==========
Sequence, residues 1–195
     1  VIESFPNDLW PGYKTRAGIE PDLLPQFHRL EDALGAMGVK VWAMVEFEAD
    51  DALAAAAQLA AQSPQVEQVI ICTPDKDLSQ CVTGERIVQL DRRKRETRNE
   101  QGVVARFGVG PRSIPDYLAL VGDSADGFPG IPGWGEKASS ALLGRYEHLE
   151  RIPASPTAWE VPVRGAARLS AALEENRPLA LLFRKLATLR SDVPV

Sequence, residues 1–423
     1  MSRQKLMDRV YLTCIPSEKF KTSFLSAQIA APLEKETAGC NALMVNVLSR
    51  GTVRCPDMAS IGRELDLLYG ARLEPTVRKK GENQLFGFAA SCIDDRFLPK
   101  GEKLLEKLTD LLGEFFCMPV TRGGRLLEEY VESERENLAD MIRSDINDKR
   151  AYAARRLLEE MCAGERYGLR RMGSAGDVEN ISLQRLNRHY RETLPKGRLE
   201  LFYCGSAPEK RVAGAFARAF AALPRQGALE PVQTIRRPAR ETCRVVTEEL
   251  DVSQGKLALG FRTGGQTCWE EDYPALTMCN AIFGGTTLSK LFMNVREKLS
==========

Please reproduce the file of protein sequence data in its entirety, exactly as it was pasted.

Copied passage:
Sequence, residues 1–195
     1  VIESFPNDLW PGYKTRAGIE PDLLPQFHRL EDALGAMGVK VWAMVEFEAD
    51  DALAAAAQLA AQSPQVEQVI ICTPDKDLSQ CVTGERIVQL DRRKRETRNE
   101  QGVVARFGVG PRSIPDYLAL VGDSADGFPG IPGWGEKASS ALLGRYEHLE
   151  RIPASPTAWE VPVRGAARLS AALEENRPLA LLFRKLATLR SDVPV

Sequence, residues 1–423
     1  MSRQKLMDRV YLTCIPSEKF KTSFLSAQIA APLEKETAGC NALMVNVLSR
    51  GTVRCPDMAS IGRELDLLYG ARLEPTVRKK GENQLFGFAA SCIDDRFLPK
   101  GEKLLEKLTD LLGEFFCMPV TRGGRLLEEY VESERENLAD MIRSDINDKR
   151  AYAARRLLEE MCAGERYGLR RMGSAGDVEN ISLQRLNRHY RETLPKGRLE
   201  LFYCGSAPEK RVAGAFARAF AALPRQGALE PVQTIRRPAR ETCRVVTEEL
   251  DVSQGKLALG FRTGGQTCWE EDYPALTMCN AIFGGTTLSK LFMNVREKLS